Most significantly, he played what he calls this “uniquely American” instrument — the trap drum set — with such clarity and precision he could articulate a song’s melodic structure so well in his solos that listeners could sing along note for note if they wanted. Then as now, his view of music was an all-embracing one that knew no stylistic boundaries.

Not ‘just jazz’

“You keep adding to what you have, and then you look back in retrospect,” said Roach, who prefers the description “music of the 20th century” to the comparatively more restrictive term “jazz.”

“Don’t say, ‘I’ll do this but not that.’ All of it helps mold you as a complete artist. It’s great to be a fantastic instrumentalist, but it’s better to be a great musician, (because) a musician accomplishes everything. You can’t say, ‘I’m just going to do rock,’ or ‘just jazz,’ or ‘just classical’ or ‘just country.’ People who do have a myopic view not only of what culture is about, but of what life is about.”

It is this broad-minded approach that has driven Roach to team with poets, dancers, writers, video artists and others whose mediums are superficially different from, but aesthetically complementary to, his own. And while Thursday will mark the first time he and Toni Morrison have shared a stage, he leaves no doubt his yet-to-be-defined collaboration with the award-winning author will prove challenging and inspiring to both.

“I’ve been in love with her all my life, so I’m looking forward to this collaboration,” said Roach, his voice dancing with delight. “She’s always been one of my favorite writers and people, and I’ve known her sons for a long time.”

Have he and Morrison discussed their impending collaboration?

“No, not at all,” he replied. “I guess we’ll get together the day before. It will be a spontaneous thing where we deal with what we do. I’ve done it before with Amiri Baraka and (Bill) Cosby and (actor) Ozzie Davis.”

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Awarded a MacArthur Fellowship (the so-called “genius grant”) in 1988, Roach continues to seek frontiers to explore at the same time that he is finally allowing himself to reflect at length on his life by writing his autobiography.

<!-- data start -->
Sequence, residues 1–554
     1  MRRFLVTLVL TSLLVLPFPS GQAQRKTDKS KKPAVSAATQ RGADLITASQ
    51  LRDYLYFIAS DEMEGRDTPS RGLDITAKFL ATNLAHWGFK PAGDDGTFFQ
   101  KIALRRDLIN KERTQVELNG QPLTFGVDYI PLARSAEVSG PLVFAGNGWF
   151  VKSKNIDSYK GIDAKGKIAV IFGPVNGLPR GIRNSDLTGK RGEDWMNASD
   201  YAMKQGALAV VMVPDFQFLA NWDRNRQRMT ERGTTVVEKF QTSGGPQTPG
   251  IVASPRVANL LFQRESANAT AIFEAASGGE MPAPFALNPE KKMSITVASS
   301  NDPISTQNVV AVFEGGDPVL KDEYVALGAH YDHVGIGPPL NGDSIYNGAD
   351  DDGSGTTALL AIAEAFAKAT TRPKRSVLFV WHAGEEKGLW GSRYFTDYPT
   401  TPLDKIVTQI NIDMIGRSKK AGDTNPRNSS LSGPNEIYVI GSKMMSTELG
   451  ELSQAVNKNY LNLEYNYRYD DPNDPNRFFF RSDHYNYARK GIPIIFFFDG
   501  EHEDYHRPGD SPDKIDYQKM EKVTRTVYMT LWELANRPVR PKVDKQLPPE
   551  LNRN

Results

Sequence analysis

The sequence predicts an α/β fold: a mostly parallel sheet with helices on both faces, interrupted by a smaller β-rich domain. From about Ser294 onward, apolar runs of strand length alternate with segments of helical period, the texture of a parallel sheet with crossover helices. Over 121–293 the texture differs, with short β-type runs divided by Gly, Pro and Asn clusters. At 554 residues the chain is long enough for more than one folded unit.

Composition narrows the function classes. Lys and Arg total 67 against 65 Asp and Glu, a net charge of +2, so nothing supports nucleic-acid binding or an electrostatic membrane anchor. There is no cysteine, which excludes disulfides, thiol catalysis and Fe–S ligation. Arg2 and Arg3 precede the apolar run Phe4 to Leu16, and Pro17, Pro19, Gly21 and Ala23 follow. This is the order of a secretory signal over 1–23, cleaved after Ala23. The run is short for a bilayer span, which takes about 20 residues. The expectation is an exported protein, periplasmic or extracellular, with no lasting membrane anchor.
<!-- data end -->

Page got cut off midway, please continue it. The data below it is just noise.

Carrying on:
School of the Arts

A tireless band leader, he currently leads three different groups: his fiery jazz quartet; the Max Roach Double Quartet, which pairs his quartet with the Uptown String Quartet, a group he formed in 1981 (but is not a member of) that is led by his viola-playing daughter Maxine; and M’Boom, the award-winning, eight-man percussion ensemble that features fellow drum greats Joe Chambers, Ray Mantilla and Roy Brooks.

In addition, Roach continues to teach music and music history at the University of Massachusetts, and recently launched the Max Roach School of the Arts, a mobile school without a home designed to take his provocative music to students and audiences across the nation.

“For me personally, the artist, simplistically, has two functions: entertainment and enlightenment,” said Roach, who has mastered both.

“It’s all part of the same oeuvre. I can go on stage and do some things, and people will consider it fun because I’m having fun. But all of a sudden people grow pensive and thoughtful about what you’re trying to say. . . . American music has its personalities, reflected in the music of Charlie Parker and Art Tatum, but also in the music of Willie Nelson and Garth Brooks, that’s distinct and different . . .

“But what all of us have in common — from Michael Jordan to Charlie Parker to rappers — that people forget to recognize is that we’re descendants of slaves. That pain is always there; it’s an underlying factor. ‘When will I be able to be like every other citizen in this country of ours, in this hemisphere of ours?’

“So I never separate rap from Charlie Parker or from (basketball). It’s all in the continuum — we all come from the same place … It has something to do with the makeup of people descended from slaves to outdo ourselves.”